Bil’s rating (out of 5): BBB.5.
USA, 1936. Selznick International Pictures. Screenplay by Hugh Walpole, based on the book by Frances Hodgson Burnett. Cinematography by Charles Rosher. Produced by David O. Selznick. Music by Max Steiner. Production Design by Sturges Carne. Costume Design by Sophie Wachner. Film Editing by Hal C. Kern.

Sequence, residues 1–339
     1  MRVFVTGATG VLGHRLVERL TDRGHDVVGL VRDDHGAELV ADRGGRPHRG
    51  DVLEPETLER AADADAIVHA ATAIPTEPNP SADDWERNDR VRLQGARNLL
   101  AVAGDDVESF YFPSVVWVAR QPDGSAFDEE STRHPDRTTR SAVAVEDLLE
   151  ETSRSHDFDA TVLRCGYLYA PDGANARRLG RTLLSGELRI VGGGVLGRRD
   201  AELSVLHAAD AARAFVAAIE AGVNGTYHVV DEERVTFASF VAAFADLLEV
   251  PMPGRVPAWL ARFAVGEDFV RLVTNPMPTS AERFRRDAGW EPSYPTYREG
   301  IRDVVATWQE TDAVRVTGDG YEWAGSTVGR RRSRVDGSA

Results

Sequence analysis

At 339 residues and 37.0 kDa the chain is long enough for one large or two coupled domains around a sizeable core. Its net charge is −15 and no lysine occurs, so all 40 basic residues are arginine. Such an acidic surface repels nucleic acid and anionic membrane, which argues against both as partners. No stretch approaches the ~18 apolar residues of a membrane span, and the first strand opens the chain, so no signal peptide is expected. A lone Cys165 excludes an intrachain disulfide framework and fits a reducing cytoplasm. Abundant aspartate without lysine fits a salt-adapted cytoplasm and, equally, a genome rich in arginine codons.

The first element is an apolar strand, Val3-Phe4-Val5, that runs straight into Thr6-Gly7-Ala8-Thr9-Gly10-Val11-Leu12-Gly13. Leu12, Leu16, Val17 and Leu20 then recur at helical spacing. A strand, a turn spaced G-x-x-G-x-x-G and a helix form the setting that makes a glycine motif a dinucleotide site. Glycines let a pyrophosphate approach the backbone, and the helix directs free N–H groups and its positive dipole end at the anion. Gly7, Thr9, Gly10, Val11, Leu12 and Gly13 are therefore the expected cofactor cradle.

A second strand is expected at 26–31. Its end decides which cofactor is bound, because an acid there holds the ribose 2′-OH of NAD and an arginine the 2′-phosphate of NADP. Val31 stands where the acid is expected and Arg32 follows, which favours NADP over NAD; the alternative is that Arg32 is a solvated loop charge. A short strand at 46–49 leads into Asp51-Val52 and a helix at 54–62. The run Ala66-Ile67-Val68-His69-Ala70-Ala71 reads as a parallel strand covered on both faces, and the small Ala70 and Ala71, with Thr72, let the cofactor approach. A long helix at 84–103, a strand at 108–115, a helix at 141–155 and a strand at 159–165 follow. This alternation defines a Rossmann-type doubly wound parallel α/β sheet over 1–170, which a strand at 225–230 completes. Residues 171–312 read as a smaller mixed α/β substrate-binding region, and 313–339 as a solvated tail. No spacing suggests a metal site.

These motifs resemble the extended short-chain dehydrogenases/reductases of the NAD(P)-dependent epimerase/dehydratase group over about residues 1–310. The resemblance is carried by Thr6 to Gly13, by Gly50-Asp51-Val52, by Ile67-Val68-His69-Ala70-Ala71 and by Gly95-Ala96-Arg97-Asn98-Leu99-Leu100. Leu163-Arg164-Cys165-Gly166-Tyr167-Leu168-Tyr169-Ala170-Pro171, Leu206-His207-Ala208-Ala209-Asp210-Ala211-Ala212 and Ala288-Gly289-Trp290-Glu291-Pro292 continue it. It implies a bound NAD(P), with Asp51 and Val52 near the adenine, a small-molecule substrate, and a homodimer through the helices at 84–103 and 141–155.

Adorable adaptation of the popular novel by Frances Hodgson Burnett features a starmaking turn by Freddie Bartholomew as the refined young man being raised on the streets of late nineteenth-century Brooklyn. Possessing an English accent thanks to a dead British father (because that makes sense), little Ceddie is hopelessly devoted to his mother (a wonderful Dolores Costello) whom he refers to simply as “Dearest”. His widowed American mother carts him off to the homeland when Ceddie’s paternal uncle dies and it places him next in line to inherit his grandfather’s earldom, forcing him to leave behind his best companions, a grocer (Guy Kibbee) and a “bootblack” (Mickey Rooney). The gruff old man with whom he now has to live has a prejudice against Americans and so forces Ceddie to stay with him while mother is made to live in a house near their estate. Burnett’s stories often featured sweet young people softening up hardened older folks or the opposite, and this one would be pure treacle if it weren’t for the fact that it is played with such disarming sincerity. Bartholomew’s studied dialogue delivery and physical stiffness actually add to his appeal, an adorable pint-sized anachronism whose morality is never in doubt, while C. Aubrey Smith‘s masterful command of the lovable coot persona makes for wonderful chemistry alongside his tiny co-star. It’s not as good as Wee Willie Winkie, particularly as the plotting makes a few wrong moves in the conclusion and a few scenes actually seem like actors are flubbing lines on the set (how many times is Smith going to reach for the handkerchief in that scene with Costello?) but it is sweet and hits the spot.